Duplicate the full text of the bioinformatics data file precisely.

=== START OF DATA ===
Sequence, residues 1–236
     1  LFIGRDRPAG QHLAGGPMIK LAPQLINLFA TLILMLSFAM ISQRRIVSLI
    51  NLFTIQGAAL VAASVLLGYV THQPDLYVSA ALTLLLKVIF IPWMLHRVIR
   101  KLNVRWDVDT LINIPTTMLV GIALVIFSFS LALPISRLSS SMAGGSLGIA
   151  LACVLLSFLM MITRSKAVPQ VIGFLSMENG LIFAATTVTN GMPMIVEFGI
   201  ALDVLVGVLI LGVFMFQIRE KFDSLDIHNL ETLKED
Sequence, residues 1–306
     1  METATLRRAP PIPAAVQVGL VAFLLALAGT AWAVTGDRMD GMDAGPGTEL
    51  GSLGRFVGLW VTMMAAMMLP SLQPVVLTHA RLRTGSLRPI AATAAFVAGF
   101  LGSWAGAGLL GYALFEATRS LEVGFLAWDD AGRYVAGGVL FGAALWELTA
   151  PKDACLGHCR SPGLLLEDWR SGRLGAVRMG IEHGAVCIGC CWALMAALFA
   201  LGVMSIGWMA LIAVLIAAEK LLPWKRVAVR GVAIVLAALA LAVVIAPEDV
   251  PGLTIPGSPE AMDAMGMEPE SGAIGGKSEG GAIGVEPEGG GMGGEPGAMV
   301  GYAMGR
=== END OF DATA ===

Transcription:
Sequence, residues 1–236
     1  LFIGRDRPAG QHLAGGPMIK LAPQLINLFA TLILMLSFAM ISQRRIVSLI
    51  NLFTIQGAAL VAASVLLGYV THQPDLYVSA ALTLLLKVIF IPWMLHRVIR
   101  KLNVRWDVDT LINIPTTMLV GIALVIFSFS LALPISRLSS SMAGGSLGIA
   151  LACVLLSFLM MITRSKAVPQ VIGFLSMENG LIFAATTVTN GMPMIVEFGI
   201  ALDVLVGVLI LGVFMFQIRE KFDSLDIHNL ETLKED
Sequence, residues 1–306
     1  METATLRRAP PIPAAVQVGL VAFLLALAGT AWAVTGDRMD GMDAGPGTEL
    51  GSLGRFVGLW VTMMAAMMLP SLQPVVLTHA RLRTGSLRPI AATAAFVAGF
   101  LGSWAGAGLL GYALFEATRS LEVGFLAWDD AGRYVAGGVL FGAALWELTA
   151  PKDACLGHCR SPGLLLEDWR SGRLGAVRMG IEHGAVCIGC CWALMAALFA
   201  LGVMSIGWMA LIAVLIAAEK LLPWKRVAVR GVAIVLAALA LAVVIAPEDV
   251  PGLTIPGSPE AMDAMGMEPE SGAIGGKSEG GAIGVEPEGG GMGGEPGAMV
   301  GYAMGR